In addition to generally consulting the Steering Council when it is helpful, there are also some situations where the Executive Director should or must consult the Steering Council and/or get approval before moving forward. This section describes those scenarios.
Decisions that require a full steering council vote#
The Steering Council defines the strategy and major direction of 2i2c. It must vote on major decisions that have strong implications for 2i2c’s strategy or financial well-being. See the proposal process section for information about how it votes.
Here are some major decision areas that require a full steering council vote.
Unplanned financial decisions over $20,000 (e.g., deciding to hire a contractor that has not been written into a grant)
Decisions that have significant implication for 2i2c’s financial health.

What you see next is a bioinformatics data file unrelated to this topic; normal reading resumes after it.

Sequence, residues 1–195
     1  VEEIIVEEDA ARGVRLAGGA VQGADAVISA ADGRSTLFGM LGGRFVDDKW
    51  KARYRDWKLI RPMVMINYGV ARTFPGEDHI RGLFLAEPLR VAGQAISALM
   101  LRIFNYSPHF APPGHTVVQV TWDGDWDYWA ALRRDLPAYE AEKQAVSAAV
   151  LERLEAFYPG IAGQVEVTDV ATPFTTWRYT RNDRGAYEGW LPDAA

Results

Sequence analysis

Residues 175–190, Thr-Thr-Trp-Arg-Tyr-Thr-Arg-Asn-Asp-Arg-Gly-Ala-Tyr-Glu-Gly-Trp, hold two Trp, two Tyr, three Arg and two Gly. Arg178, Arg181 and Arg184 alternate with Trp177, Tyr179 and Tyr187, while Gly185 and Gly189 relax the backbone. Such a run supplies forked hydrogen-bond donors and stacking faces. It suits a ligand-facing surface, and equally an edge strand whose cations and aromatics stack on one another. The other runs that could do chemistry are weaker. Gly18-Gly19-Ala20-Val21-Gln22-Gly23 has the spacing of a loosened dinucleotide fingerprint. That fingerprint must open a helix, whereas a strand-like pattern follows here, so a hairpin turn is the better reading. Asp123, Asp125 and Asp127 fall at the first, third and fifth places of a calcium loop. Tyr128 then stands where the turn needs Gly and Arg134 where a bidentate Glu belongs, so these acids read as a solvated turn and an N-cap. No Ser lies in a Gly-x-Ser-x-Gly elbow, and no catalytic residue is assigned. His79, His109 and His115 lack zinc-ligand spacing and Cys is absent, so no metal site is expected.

Major changes in strategic direction and roadmaps for business or technical development.
Changes to governance.
Hiring Director-level positions within the 2i2c org.
Defining salaries for Director-level positions within 2i2c.
Changes to the Code of Conduct.
For other kinds of decisions, the Executive Director is given authority to decide.
Decisions that require notification, but not a vote#
These decisions are significant or public-facing, and would benefit from SC input, but do not require a vote to move forward. The Steering Council should be notified via the